A breakdown of the strange: The Braves’ Week 2 win over rival Fayetteville State included an hour and a half lightning delay that struck just four minutes into the game, a new experience for the six-year football program and the 24-year coach — “I’ve never sat in a locker room for an hour and 30 minutes after a game already started,” Shinnick said. A week later, last Saturday, the Braves jumped out to a 28-7 lead over Wingate but let the Bulldogs rally to tie and then take the lead in the third quarter. Showing a case of Jekyll and Hyde, UNCP promptly went on a 21-0 run the rest of the way for the road win.
Abnormalities or not, the fact is the Braves (2-1) are riding a two-game winning streak heading into their first out-of-state road game of the season when they face winless Virginia University of Lynchburg for the first meeting between the two schools at 1 p.m. Saturday at Lynchburg City Stadium.
“I’d like to get rid of the strange and make this a little more normal game, and play that way,” Shinnick said.
On paper, that shouldn’t be a tall task for the Braves. They are facing a NAIA member Virginia-Lynchburg squad that has been outscored 97-13 in its two losses — the Dragons’ Week 2 game against College of Faith was canceled — handed down by Old Dominican, 57-6, and North Carolina A&T State University, 40-7.
Meanwhile, UNCP has been lighting up the scoreboard since its season-opening loss to reigning NCAA Division II semifinalist Winston-Salem State. The Braves, coming off a season-high 49-point outburst against Wingate, are touting an average of 34.3 points a game while the much-improved defense under coordinator Shane Richardson is allowing 28 a night. Against Wingate, the Braves forced nine turnovers, including a school record seven interceptions led by Preston Perry’s two picks.
Shinnick may not have been able to predict that kind of pick-off production, but he knew his secondary had the ability to wreak havoc on the opposing passing games.
“I think we’re very capable of creating turnovers with the athletes that we got on defense,” Shinnick said. “And really, all those guys took full advantage of a quarterback (Robbie Nallenweg) who was kind of targeting a little bit with his receivers.”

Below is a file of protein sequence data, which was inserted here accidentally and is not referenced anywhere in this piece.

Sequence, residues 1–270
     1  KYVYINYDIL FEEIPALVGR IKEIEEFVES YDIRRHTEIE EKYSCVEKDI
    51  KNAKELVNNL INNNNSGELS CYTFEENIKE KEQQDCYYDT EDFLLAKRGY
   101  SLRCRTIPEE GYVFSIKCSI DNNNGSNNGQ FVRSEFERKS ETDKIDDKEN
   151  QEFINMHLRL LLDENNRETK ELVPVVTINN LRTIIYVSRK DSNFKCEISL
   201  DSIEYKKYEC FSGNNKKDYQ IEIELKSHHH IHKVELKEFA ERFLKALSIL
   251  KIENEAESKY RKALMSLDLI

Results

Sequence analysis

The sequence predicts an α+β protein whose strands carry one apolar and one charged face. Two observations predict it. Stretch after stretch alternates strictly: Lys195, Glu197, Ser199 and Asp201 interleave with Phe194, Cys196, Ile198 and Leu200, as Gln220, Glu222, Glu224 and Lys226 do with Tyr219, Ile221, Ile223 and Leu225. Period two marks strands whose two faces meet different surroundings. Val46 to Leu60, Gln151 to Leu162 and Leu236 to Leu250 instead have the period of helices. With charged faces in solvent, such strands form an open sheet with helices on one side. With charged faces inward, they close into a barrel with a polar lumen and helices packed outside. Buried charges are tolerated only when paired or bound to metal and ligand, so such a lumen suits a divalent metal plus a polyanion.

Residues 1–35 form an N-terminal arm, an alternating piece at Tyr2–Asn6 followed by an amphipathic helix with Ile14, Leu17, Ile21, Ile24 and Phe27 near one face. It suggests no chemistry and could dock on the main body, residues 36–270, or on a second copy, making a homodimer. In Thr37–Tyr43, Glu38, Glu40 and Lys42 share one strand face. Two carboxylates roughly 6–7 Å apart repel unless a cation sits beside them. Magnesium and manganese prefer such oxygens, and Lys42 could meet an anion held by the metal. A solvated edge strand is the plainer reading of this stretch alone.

The Braves secondary won’t need be on their toes as often Saturday against a run-heavy Lynchburg offense that has gone to the air just 30 percent of its possessions. The Dragons, on the other hand, are running into a UNCP offense in chain-moving rhythm with both the pass and the rush.
Following a lackluster two-pick, zero-touchdown outing in the Two Rivers Classic against FSU, Braves quarterback Luke Charles bounced back with three touchdowns and 207 yards on 22-of-34 passing at Wingate, with his only blemish being one interception. His go-to deep threat Te’vell Williams hauled in seven catches — two for touchdowns — for 72 yards.
“I’m very pleased with how he manages the game and makes plays,” Shinnick said. “We need our offense to continue to do that. We need Luke Charles to be playing at a very high level.”
Just as UNCP running back Damonte Terry has. The junior holds team-highs of 293 rushing yards and six touchdowns on 50 carries.
“He’s really giving us a pretty good punch,” Shinnick said of Terry, who is doing his best to fill the void left by Travis Daniels who graduated as UNCP’s all-time rushing leader. Elliott Powell has added 104 yards on 23 carries for the Braves this season. “I really like what we got going with our running backs. We still got to run the ball better but I like where those guys are at.”
Although their lining up against a winless Dragons squad, under second-year coach Willard Bailey, Shinnick hopes the Braves continue shaping their identities on both sides of the ball.
Not to mention, handle any adversity, whether its weather-induced or due to the strangeness of a see-saw game.
“I think we got to keep the momentum going,” he said. “We held on against Fayetteville State, we found a way to come back and win at Wingate … We got to keep the momentum going. We want to continue to be better and find ways to improve on a weekly basis.”